The change in his 2018 fortunes is rather obvious, as he is hitting .349 when he puts the ball in play during the second half of the season, compared to a .265 mark during the first half. His .297 career BABIP suggests his current hot streak is based more on luck than skill, but that has the room to find more consistency with the bat.

This season has been all about inconsistency for Bradley. In addition to his first and second-half splits, he is hitting .183 against left-handed pitching versus .246 against righties. He is hitting a very respectable .274 at Fenway, but an anemic .190 on the road. He has also been almost non-existent in losses in which he has played this year, hitting .138 with no home runs and 3 RBIs in 43 such games.

Barring a major drop off in the closing weeks of the season, 2018 will mark the fourth straight season of Bradley contributing at least a 2.0 WAR (Baseball Reference). His high is 5.5 in 2016, and he is currently at 2.1 this year. Those numbers suggest that consistency is a major factor holding him back from knocking on the door of star (or at least All Star) status.

Bradley is 28, so the window for him to prove he is more than he appears to be now (a very useful, but streaky player) is gradually closing. The former first-round draft choice is one of the most engaging players the team has had in recent memory and obviously possesses a lot of talent. He will be looked upon to contribute to their current playoff run, but his ability to even out his game could make him in Boston for many years to come.

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You can check me out on Facebook or follow me on Twitter @historianandrew

Friday, September 14, 2018

Greg Litton: Baseball's Mr. Versatile

When discussing baseball prospects, versatility is not a skill that rises to the top. People want to know how fast someone can throw or how much powers they have more than whether they can do a lot of little things. However, this ability has served some players well and allowed them to have productive careers in the major leagues. A great example of this is Greg Litton.

Litton was the 10th overall selection in the 9184 MLB draft, selected out of Pensacola Junior College by the San Francisco Giants. A second baseman, he performed solidly in the minors, but had his path blocked to the majors by veteran Robby Thompson, who debuted in 1986 and finished second in the National league Rookie of the Year voting.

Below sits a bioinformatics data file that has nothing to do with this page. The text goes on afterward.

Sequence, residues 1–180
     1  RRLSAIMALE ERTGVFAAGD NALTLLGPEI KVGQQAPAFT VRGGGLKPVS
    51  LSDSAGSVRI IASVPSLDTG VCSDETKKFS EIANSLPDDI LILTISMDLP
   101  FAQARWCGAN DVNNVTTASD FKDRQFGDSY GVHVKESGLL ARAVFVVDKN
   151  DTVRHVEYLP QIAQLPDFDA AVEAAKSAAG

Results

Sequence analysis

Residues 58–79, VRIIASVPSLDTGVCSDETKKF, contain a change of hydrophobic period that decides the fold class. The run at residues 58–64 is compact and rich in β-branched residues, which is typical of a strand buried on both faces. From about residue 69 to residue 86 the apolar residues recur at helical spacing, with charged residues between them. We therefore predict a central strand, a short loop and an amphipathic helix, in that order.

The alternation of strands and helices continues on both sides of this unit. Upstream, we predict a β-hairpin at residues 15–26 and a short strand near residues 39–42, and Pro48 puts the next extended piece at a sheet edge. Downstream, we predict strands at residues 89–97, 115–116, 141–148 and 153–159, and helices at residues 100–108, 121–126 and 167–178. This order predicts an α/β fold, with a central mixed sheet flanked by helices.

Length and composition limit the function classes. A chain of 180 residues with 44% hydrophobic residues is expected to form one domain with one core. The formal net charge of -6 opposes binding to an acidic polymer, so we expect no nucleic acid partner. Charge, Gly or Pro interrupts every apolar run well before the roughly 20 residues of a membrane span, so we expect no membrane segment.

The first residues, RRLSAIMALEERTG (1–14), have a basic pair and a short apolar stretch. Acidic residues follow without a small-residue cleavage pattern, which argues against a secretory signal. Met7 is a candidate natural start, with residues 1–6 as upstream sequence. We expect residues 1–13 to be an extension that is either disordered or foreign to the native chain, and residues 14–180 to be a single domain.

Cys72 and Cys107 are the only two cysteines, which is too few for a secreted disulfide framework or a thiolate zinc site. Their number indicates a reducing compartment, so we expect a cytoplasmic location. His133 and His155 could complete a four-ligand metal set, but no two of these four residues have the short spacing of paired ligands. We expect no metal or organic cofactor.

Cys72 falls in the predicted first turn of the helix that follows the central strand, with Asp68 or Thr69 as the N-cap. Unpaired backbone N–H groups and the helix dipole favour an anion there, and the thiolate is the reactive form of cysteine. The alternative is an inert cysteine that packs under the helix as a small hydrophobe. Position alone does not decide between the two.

Finally, in 1989, the right-handed Litton got the call to San Francisco. Thompson was entrenched as the starter, so the rookie had to find other ways to find the field. He did this by playing all over the field—eventually playing at every position at least once besides center field. This versatility led to a six-year major league career with the Giants, Seattle Mariners and Boston Red Sox (His last season in the majors was 1994 with Boston).

Litton’s best season was in 1993 with the Mariners. He appeared in 72 games, hitting .299 with three home runs and 25 RBIs. For his career, he appeared in a total of 374 games at the big league level, batting a combined .241 with 13 home runs and 97 RBIs.

He has continued to be versatile in his post baseball life. Keep reading for more about his baseball career and what he is up to now.

Greg Litton Interview

Who was your favorite player when you were growing up, and why?: Pete Rose was my idol because he wasn't the most talented but went all out every play and was willing to do whatever it took to win, not make himself look better.

Can you describe your draft experience with the San Francisco Giants in 1984- How did you find out you had been selected?: Funny cause I don't really remember. I knew I was gonna get drafted that year and was probably on the golf course.

Who was your favorite coach or manager, and why?: Lou Pinella. He was extremely emotional, but managed the game well, used his bench extremely well and kept all of us sharp by playing us on a somewhat regular basis.  That helped us do a better job when we were needed.  

What do you remember most about your major league debut?: Getting plunked in the knee by Greg Maddux after giving up a bomb to Kevin Mitchell in the 8th inning that put us ahead and then Rick "Big Daddy" Reuschel, a 20-year veteran, knocked Shawon Dunston on his butt leading off the 9th, protecting me.  That was awesome.

In your opinion, who was the most talented player you ever played with or against? What made them stand out so much?: Ken Griffey Jr. or Alex Rodriquez were a toss-up; both incredibly talented and a head above any other player I played with or against.

What is the toughest part about playing professional baseball that most people may not realize?: How long a 162 game season in 182 days is with all the travel and a six-week spring training with only one day off on top of that. 

Who was the toughest, nastiest pitcher you ever faced?: My least favorite pitcher to face if I needed a hit to save my life was Ramon Martinez. I couldn't see the ball off him until it was halfway home and it was 94+ mph with movement.

You played every position in the majors (except center field?); how did you develop such versatility?: I worked my butt off on fielding ground balls and catching fly balls my whole life, but just paying attention to the game I learned about the other positions.

What are you up to since retiring as a player?: I became a graduate Diamond Grader and Appraiser from GIA (Gemological Institute of America) after ball and was a partner with a good friend in a Jewelry shop for about 10 years, then trained and became a Professional Key Note speaker and have been doing that for 12+ years, I was an account executive in the credit card processing industry for about 10 years and now I'm doing residential mortgages.

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You can check me out on Facebook or follow me on Twitter @historianandrew